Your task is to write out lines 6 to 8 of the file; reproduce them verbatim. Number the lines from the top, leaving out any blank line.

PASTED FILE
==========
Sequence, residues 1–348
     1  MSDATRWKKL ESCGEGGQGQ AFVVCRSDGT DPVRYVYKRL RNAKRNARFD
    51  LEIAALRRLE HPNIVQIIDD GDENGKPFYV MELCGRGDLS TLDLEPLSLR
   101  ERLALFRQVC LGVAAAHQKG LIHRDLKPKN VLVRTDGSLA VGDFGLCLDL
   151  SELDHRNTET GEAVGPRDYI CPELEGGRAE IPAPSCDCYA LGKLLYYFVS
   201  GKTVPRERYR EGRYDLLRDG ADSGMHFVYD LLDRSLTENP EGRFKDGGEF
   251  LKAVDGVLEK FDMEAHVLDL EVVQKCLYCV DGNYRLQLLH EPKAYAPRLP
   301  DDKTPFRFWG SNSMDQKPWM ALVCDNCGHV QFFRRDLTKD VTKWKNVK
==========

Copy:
   201  GKTVPRERYR EGRYDLLRDG ADSGMHFVYD LLDRSLTENP EGRFKDGGEF
   251  LKAVDGVLEK FDMEAHVLDL EVVQKCLYCV DGNYRLQLLH EPKAYAPRLP
   301  DDKTPFRFWG SNSMDQKPWM ALVCDNCGHV QFFRRDLTKD VTKWKNVK